~e; EM drama-plays
human being <firstname.lastname@example.org>
Thu, 2 May 2002 20:30:39 -0500
[will someday need to write a more definitive explanation
for why certain EM-related materials are of varying degrees
of value. maybe they are different in their value. this is
not overtly EM, but contextually, related. and shows a way
that artists, playwrites in this instance, can take ideas
that may at once be very remote and yet very present in
everyday life as it is experienced. thus, sharing ideas
that have a basis in EM knowledges and explorations. fyi.]
[full article with URLs From Wired News, available at:
Unraveling the Drama of Science
By Chloe Veltman
2:00 a.m. May 1, 2002 PDT
It's been several years since British playwright Michael Frayn wrote
Copenhagen, about the September 1941 meeting between the Danish
physicist Niels Bohr and his German counterpart Werner Heisenberg.
Littered with obscure references to Uranium 235 and the cyclotron, the
playwright doubted whether the work would even get an audience, much
less engender heated debate. "When I started writing the play, I
didn't think anyone would actually come and see it," said Frayn,
speaking recently at a symposium on Theater, Science and History in
Copenhagen at Berkeley, California.
Yet people are still talking about Copenhagen, which won the Tony
Award for Best Play in 2000. It doesn't even seem to matter that the
playwright doesn't know anything about physics.
>From Bertolt Brecht and Friedrich D¸rrenmatt to Steven Poliakoff and
Tom Stoppard, science has proven an enduring theme for playwrights.
While writers generally don't know much about science, sometimes
their dramatic reconstructions of scientific endeavor can impact the
science establishment in ways they never envisaged.
For Frayn, as for many other playwrights, science only serves as a
metaphor for exploring a broader philosophical concept. In the case
of Copenhagen, science is a vehicle to discover, as Frayn described
it, "whether it's possible to know what peoples' intentions are."
But the play did more than that. It fanned the flames of a smoldering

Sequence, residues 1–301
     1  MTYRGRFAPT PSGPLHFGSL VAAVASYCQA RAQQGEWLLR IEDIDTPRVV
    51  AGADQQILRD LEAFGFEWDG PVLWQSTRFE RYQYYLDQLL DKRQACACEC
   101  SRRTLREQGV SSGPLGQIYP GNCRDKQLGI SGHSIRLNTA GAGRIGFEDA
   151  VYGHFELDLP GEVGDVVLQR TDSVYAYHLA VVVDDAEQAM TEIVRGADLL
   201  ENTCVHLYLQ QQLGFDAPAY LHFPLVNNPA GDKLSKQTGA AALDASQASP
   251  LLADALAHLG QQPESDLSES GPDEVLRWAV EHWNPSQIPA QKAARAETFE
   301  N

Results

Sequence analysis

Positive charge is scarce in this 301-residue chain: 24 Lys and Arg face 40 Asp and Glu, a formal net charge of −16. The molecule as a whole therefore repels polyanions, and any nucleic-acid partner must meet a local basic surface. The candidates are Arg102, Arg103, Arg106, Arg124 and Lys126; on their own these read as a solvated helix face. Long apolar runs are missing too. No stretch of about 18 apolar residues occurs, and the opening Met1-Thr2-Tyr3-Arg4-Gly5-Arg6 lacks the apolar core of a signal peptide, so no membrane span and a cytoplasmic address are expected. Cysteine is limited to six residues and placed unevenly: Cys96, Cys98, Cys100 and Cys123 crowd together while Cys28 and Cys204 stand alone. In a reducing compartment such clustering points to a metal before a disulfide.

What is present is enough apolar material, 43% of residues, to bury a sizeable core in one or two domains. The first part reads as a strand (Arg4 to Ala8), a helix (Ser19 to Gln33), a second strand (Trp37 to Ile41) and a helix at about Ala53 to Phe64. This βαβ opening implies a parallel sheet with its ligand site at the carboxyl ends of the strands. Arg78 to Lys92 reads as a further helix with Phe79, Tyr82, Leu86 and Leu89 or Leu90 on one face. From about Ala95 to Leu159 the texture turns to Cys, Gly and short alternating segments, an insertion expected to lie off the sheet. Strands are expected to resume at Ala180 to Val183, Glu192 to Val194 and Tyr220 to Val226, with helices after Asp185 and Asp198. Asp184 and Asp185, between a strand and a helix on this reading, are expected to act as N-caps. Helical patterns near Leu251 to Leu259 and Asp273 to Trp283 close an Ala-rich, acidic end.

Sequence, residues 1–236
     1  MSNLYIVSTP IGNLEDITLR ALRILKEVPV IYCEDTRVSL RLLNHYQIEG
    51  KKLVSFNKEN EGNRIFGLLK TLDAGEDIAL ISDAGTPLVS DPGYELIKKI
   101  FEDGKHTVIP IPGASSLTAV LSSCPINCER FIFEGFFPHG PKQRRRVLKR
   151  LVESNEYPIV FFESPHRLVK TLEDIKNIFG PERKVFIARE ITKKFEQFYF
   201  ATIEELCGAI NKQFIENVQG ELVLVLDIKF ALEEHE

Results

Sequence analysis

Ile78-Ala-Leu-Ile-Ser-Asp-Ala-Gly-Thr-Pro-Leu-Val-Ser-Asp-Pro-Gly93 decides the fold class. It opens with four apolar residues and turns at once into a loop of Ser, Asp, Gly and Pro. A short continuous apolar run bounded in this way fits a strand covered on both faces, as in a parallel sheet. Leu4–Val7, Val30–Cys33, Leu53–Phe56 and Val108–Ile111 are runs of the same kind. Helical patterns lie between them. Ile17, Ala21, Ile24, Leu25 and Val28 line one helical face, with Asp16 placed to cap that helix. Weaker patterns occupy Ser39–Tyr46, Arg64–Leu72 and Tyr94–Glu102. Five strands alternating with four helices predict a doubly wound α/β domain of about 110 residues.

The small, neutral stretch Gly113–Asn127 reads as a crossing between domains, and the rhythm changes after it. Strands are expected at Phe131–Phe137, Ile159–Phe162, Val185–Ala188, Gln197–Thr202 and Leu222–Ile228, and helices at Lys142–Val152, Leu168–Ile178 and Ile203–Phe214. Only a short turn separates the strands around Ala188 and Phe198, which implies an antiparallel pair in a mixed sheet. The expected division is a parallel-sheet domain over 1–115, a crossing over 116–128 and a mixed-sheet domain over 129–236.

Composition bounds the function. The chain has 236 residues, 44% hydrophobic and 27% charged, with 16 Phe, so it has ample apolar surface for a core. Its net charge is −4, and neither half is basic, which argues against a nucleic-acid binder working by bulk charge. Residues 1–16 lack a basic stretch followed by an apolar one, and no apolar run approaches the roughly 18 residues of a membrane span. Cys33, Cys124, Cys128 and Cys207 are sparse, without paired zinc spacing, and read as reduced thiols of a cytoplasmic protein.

debate among science historians about the events surrounding the
invention of the atomic bomb.
Before World War II, Heisenberg and Bohr transformed atomic physics,
together with their work on quantum mechanics and the uncertainty
principle in the 1920s. Nobody knows why Heisenberg made the trip to
Nazi-occupied Copenhagen in September 1941 to visit his friend and
mentor Bohr, or what the two men said to each other.
Whether Heisenberg was attempting to weasel information out of Bohr
about Allied bomb plans or stall the development of atomic weapons
back home has become the subject of several books, including Thomas
Powers Heisenberg's War and Heisenberg and the Nazi Atomic Bomb
Project: A Study In German Culture, by Paul Lawrence Rose.
More recently, and as a direct result of Copenhagen, the dispute
spilled over into the pages of the New York Review of Books and the
Los Angeles Times, as well as at numerous international symposia,
where critics continue the discussion.
In February, the Niels Bohr archive in Denmark decided to lift an
embargo on an important letter to Heisenberg by Bohr relating to
their 1941 meeting. In the letter, Bohr accuses Heisenberg of
misleading others in the aftermath of World War II by claiming to
have purposefully undermined the German atom bomb effort. Written
around 1957, Bohr claims that in his recollection of their encounter,
Heisenberg seemed less ambivalent about building a bomb than he later
The letter was never sent. Hidden from view after Bohr's death in
1962, scientists, historians and artists speculated about its
contents for years. Scheduled for release in 2012, the letter was
recently published on the Internet, "in order to accommodate the
present interest spurred in particular by the drama Copenhagen and to
avoid undue speculation," said Finn Aaserud, of the Niels Bohr
"The play has caused the history of science to change," said Professor
Robert Osserman, of the Mathematical Sciences Research Institute in
Berkeley. "Copenhagen forced the archive to release those documents
early, which has helped to reduce speculation."
Theater has become a particularly popular way of putting science into
the public imagination, with plays like David Auburn's Proof, Steven
Poliakoff's Blinded by the Sun, Tom Stoppard's Arcadia and Peter
Parnell's QED attracting wide audiences and public response.
The extent to which people are engaging with these dramas is mirrored
by the fact that these plays have been the subjects of many symposia.
"No medium can better convey the immediacy of emotions," said
professor Robert Marc Friedman, a science historian at the University
of Oslo, Norway, "and science, after all, entails not only cold
logic, but also cauldrons of hot passion."
While it's true that an able playwright doesn't need a PhD in
relativity in order to write a powerful play about Einstein, science
historians are sometimes troubled by artistic reconstructions of
science. Friedman believes that taking too many dramatic liberties
with a character in a play can damage the integrity of the historical
"When a playwright breathes life into a name from history and creates
a seemingly real person who is as new for the audience as any
fictional character, there should be some sense of responsibility for
how that person is portrayed," Friedman said.
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